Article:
We have all experienced a lack of enthusiasm. Those days that feel as if the will to push forward has been drained out of us, yet we usually recover within a few hours or the next day. There are, however, some people, like Benjamin, who have to deal with such lack of drive and motivation daily. Why is it so for Benjamin? What makes his case different? To answer you, there are two crucial brain chemicals I must first tell you about.

1. DOPAMINE

When you achieve a goal, do you feel excited about it? Dopamine is the neurotransmitter responsible for this feeling of pleasure and satisfaction you get. It is also released when we fantasize about things (anticipating rewards). E.g., food, a friendly visit, or a movie (Watson, 2021). Dopamine improves our mood and motivates us to get out of bed and onto the treadmill. Just the thought of an improved physique triggers a release of dopamine. 

Some people naturally produce less dopamine. Such persons may find it challenging to be excited or motivated daily. They tend to experience the ‘meh’ moments we all feel much more frequently. If you are one of those people, a change in diet may be all you need. You should consider a diet rich in food capable of increasing your dopamine.

Dopamine is a neurotransmitter synthesized from the amino acid L-tyrosine. Eating food rich in the amino acids tryptophan and L-tyrosine can increase the amount of dopamine available in our bodies. Good sources of L-tyrosine and tryptophan are protein-rich foods such as

During the day, protein-rich food will improve your mood and keep you motivated. 

During the day, protein-rich food will improve your mood and keep you motivated. 

Dopamine is a neurotransmitter synthesized from the amino acid L-tyrosine. Eating food rich in the amino acids tryptophan and L-tyrosine can increase the amount of dopamine available in our bodies. Good sources of L-tyrosine and tryptophan are protein-rich foods such as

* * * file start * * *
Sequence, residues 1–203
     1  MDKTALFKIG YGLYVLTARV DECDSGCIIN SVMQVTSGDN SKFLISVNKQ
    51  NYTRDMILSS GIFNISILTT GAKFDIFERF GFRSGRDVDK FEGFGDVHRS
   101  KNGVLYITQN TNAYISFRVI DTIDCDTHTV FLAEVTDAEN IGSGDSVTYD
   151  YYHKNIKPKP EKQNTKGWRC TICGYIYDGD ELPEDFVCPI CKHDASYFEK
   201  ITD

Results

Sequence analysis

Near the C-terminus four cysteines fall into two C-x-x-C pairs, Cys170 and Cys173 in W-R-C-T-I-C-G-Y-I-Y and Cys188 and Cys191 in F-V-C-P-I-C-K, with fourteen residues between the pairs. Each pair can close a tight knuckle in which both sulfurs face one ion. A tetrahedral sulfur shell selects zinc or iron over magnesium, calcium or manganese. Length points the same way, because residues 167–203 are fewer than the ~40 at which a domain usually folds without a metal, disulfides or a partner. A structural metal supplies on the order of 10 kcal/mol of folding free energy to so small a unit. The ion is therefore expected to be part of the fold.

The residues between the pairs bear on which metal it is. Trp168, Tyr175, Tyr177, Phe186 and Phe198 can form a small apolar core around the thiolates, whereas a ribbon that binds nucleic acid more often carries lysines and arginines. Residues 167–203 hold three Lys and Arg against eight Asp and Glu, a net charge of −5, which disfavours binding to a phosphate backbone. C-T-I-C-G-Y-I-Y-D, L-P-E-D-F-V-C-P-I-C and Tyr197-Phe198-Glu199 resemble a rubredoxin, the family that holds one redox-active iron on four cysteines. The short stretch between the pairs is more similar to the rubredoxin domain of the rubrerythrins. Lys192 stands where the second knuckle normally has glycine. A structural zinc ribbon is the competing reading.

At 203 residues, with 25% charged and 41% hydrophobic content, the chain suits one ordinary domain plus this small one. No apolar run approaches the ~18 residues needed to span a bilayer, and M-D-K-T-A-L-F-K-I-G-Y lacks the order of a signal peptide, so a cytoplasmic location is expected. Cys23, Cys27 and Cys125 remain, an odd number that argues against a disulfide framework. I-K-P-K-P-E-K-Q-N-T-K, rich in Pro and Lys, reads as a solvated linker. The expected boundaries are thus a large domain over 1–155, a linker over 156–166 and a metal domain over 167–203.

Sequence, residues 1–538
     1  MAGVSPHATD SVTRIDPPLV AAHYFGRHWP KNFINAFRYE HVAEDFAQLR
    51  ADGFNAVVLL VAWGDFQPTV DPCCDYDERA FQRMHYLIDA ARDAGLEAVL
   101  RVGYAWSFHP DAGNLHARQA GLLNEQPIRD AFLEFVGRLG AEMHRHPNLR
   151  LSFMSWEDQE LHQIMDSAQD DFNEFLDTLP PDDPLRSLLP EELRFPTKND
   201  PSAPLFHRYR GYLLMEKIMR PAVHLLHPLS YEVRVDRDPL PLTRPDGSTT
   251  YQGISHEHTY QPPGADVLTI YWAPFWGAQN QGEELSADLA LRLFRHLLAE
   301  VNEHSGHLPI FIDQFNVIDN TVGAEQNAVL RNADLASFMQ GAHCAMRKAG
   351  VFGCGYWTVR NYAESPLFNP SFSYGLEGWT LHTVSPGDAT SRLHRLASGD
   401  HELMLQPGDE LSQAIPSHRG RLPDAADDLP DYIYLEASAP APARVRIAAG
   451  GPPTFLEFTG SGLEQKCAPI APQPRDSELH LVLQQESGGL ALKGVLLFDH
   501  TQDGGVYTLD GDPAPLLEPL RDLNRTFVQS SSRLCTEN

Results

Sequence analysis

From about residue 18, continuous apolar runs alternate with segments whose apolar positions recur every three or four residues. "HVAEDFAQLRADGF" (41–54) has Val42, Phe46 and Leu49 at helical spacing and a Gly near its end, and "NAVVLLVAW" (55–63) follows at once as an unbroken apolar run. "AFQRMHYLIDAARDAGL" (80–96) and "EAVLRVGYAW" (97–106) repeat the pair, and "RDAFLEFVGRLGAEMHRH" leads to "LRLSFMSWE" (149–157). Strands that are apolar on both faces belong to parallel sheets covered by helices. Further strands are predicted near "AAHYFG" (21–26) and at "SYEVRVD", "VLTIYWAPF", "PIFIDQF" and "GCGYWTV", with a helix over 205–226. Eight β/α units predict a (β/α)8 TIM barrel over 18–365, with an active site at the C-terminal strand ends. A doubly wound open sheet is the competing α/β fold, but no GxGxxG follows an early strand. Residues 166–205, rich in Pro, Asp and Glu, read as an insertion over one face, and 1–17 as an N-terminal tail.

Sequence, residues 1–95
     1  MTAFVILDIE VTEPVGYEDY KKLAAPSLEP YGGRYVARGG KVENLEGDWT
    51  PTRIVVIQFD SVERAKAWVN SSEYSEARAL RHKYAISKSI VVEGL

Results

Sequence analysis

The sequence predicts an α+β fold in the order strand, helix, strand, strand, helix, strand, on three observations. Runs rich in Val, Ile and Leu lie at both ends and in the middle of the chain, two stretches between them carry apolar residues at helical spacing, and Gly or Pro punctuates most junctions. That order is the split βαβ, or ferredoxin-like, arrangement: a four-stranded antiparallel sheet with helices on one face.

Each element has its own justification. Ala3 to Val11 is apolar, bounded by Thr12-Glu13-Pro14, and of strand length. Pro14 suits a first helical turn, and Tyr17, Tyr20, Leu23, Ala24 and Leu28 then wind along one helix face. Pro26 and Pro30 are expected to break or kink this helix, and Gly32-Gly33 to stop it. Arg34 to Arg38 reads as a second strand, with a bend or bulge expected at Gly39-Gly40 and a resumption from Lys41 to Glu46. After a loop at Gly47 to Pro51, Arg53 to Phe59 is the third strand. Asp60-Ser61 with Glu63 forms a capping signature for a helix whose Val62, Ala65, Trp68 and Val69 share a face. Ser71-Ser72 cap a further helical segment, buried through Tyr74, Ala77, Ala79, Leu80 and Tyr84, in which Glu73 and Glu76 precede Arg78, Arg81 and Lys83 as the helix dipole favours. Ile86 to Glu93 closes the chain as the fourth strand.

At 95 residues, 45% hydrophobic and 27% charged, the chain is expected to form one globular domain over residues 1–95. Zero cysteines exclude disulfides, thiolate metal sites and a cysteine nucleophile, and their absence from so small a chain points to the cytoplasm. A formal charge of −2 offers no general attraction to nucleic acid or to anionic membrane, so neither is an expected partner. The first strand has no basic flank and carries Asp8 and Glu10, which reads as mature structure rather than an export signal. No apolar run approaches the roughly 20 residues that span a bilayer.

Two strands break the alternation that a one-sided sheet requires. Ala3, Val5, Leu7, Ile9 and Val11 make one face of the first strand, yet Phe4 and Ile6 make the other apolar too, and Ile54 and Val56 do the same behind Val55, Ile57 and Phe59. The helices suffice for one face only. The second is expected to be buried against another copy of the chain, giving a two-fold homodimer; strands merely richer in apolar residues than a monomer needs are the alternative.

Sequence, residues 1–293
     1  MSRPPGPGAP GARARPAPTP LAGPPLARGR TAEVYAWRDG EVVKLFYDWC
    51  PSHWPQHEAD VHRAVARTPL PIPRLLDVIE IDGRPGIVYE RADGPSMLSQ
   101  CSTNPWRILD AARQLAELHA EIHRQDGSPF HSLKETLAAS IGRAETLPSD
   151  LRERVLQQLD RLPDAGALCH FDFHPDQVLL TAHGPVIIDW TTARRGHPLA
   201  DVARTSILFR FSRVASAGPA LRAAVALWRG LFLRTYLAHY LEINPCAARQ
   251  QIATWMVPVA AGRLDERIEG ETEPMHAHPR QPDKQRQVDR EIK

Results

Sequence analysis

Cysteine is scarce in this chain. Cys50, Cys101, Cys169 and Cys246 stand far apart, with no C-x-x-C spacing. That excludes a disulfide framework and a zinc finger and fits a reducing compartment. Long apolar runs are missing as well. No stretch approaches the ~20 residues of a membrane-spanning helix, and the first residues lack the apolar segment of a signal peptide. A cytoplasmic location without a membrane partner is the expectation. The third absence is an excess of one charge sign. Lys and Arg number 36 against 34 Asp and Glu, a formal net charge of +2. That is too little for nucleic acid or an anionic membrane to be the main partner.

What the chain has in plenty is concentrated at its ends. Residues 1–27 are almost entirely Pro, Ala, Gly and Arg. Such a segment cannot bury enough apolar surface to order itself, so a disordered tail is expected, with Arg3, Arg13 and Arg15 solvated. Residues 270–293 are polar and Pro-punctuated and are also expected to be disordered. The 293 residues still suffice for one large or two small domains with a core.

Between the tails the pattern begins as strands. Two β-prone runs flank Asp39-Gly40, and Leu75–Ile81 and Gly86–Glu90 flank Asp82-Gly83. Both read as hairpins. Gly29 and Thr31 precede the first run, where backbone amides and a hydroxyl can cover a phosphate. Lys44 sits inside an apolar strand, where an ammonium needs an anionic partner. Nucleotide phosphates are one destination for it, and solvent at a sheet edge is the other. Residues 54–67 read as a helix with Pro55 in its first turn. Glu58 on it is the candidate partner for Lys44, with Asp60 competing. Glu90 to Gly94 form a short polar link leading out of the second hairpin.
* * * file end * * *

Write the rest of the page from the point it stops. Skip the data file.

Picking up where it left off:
During the day, protein-rich food will improve your mood and keep you motivated. 

2. SEROTONIN

Sally

I do not suffer from a lack of desire and motivation. There is always something I am excited to do. I rarely have to drag myself out of bed. However, I often experience anxiety when I am overwhelmed with work and when I overthink a text I send. I don’t feel lethargy, but I do feel pressure. 

Serotonin is a neurotransmitter that brings about happiness and optimism. When available in sufficient quantity, it calms you and makes you more comfortable and focused. Low levels of serotonin, on the other hand, are associated with depression, anxiety, and insomnia (Vandergriendt, 2020).

This, therefore, makes serotonin a vital chemical in managing depression. Most antidepressants, including Prozac, work primarily by manipulating the level and efficiency of serotonin. Though beneficial to some extent, terrible side effects are associated with this kind of intervention.

When you stop taking such medications

Low moods can manifest in two ways

  1. Lethargy and fatigue
  2. Anxiety and frustration

In the last section, we explained that lack of energy (lethargy), motivation, or enthusiasm can be improved by maintaining a food diet capable of increasing our dopamine levels. However, while an increase in dopamine levels may favor mood, a dopamine system imbalance can intensify bad moods and induce depression (Sherrell, 2022). 

Unless you are clinically depressed, it is not really necessary to start taking antidepressants. Instead, you should adjust your diets to incorporate foods that are capable of increasing serotonin levels. 

Naturally, foods rich in carbohydrates tend to release more serotonin than those low in carbohydrates. That is why you may have noticed you feel a little groggy when you are full. Personally, I eat a protein-rich, low-fat, zero-carb meal at lunch to stay alert because dopamine production is increased by protein-rich meals. At supper, I eat a complex carb, low protein meal because high carbohydrate levels promote serotonin release, making me feel sated and sleepy. Do you see how I am able to manipulate my diet to maintain stable mental health?